VERSIÓN EN ESPAÑOL AQUÍí
Yes, we know Teen Dating Violence Awareness Month was February. Yet, our dedication to raising awareness around this issue never ends:
What is Teen Dating Violence?
Teen dating violence occurs in a dating relationship when one adolescent uses assault and
coercive behaviors, including physical, emotional, or sexual attacks, to intimidate another adolescent.
How does domestic violence affect Latino youth?
The effects of teen dating violence on youth are profound. Youth who are experiencing domestic violence typically display some or all of the following behaviors and characteristics:
• Psychosomatic issues, e.g., stomachaches, ulcers, headaches
• Subtle reactions: loss of appetite, overeating, sleep difficulties, nail biting, or stuttering
• Low self-esteem and feelings of failure
• Anger: aggression, hostility, or destructiveness
• Disruptive behavior or violence toward peers
• Wearing high-necked or long-sleeved clothing in warm weather to hide physical abuse
• Juvenile delinquency, e.g., truancy, vandalism, drinking, or drug abuse
Issues that exacerbate teen dating violence for Latino youth
• Undocumented youth experience many fears. Calling the police or telling a school counselor or parents may open up an investigation that could ultimately lead to the deportation of the boyfriend/girlfriend.
• When someone is in the midst of a crisis, it is common to go back to one’s first language. Youth who do so cannot utilize resources or confide in counselors or teachers who speak only English.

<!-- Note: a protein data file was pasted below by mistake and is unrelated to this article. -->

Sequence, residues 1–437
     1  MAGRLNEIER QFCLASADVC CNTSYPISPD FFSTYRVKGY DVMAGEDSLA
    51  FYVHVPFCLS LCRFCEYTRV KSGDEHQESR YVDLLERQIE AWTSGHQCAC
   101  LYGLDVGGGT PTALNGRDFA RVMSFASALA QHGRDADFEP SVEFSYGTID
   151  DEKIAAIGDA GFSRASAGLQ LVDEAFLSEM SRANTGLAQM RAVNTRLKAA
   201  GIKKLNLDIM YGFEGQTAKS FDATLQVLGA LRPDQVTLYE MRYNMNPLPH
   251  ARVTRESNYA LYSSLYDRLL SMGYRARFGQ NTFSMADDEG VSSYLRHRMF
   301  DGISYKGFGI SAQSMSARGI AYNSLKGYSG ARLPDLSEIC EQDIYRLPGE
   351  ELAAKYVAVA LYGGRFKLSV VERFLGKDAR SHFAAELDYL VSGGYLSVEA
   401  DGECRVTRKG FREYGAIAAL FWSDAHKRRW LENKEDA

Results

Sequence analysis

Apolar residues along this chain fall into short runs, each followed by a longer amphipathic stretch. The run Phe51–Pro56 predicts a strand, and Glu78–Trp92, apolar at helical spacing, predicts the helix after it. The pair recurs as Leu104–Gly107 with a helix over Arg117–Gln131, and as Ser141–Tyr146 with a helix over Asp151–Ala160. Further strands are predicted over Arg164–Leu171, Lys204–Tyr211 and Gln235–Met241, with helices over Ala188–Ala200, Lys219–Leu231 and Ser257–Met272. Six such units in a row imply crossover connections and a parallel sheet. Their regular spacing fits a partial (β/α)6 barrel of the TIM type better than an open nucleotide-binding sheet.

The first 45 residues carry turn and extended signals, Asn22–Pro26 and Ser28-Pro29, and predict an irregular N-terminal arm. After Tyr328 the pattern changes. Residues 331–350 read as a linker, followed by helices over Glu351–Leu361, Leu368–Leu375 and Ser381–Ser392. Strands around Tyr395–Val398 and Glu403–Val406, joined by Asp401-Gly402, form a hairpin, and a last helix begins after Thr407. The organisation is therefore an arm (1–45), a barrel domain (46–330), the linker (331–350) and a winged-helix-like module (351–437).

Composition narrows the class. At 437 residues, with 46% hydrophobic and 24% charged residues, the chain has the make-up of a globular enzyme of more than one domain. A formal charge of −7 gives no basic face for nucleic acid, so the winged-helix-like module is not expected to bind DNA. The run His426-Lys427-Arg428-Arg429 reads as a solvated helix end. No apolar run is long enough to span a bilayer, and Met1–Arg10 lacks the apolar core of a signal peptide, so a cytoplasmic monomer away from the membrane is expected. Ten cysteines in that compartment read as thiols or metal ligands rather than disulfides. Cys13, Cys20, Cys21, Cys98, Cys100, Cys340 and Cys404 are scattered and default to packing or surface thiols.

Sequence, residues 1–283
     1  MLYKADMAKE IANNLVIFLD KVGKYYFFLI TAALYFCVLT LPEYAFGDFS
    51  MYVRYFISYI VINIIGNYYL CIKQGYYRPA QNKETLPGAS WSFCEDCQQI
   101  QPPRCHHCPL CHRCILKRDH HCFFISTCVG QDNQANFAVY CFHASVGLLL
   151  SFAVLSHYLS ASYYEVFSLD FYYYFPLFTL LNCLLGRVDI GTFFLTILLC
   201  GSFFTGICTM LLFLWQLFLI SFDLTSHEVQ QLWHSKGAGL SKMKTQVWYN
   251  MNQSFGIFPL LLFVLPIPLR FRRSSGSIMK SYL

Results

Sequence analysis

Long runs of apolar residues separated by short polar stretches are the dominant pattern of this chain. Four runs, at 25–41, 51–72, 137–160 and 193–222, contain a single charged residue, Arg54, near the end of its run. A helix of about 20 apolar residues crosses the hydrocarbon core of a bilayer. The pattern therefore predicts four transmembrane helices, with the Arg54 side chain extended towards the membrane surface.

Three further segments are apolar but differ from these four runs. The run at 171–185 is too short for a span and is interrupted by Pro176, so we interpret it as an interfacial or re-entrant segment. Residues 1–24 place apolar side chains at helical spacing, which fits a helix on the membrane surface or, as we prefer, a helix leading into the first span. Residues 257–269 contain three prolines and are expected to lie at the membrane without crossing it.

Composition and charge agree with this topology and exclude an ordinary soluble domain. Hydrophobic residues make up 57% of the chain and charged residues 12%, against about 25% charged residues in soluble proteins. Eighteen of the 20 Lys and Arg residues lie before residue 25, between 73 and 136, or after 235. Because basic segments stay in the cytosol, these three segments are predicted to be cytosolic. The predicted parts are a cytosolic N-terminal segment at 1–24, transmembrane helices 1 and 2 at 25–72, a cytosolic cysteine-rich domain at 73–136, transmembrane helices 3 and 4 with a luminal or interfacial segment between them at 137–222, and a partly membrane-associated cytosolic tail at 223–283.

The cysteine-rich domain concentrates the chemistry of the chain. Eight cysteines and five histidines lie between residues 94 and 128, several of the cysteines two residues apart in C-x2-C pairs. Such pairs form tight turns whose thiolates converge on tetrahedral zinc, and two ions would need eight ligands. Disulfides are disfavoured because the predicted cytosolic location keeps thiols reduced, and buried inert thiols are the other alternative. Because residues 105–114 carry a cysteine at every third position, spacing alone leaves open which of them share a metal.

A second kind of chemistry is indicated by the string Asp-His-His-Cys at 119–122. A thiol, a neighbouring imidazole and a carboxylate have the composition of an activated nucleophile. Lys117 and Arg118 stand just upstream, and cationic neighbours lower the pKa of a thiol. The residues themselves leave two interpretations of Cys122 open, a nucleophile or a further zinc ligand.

• One in three adolescents reports knowing a peer who has been part of a physically abusive relationship. (Davis, Antoinette, MPH. 2008. Interpersonal and Physical Dating Violence among Teens. The National Council on Crime and Delinquency Focus.)
• 25% of adolescent girls have reported that they have been pressured to perform sexual acts. (Liz Claiborne Inc. study on teen dating abuse conducted by Teenage Research Unlimited, February 2005.)
• 30% of adolescent girls (15 to 19) who are murdered every year in the USA die by the hands of an abusive partner. (City of New York, Teen Relationship Abuse Fact Sheet, March 1998.)
• Studies have found that women and girls are more likely to be victims of teen dating violence than men and boys and that they suffer significantly more injuries than males. (Rand, Michael. 2008. Criminal Victimization, 2007. U.S. Department of Justice Bureau of Justice Statistics.) (Baum, Katrina, Catalano, Shannan, Rand, Michael and Rose, Kristina. 2009. Stalking Victimization in the United States. U.S. Department of Justice Bureau of Justice Statistics.)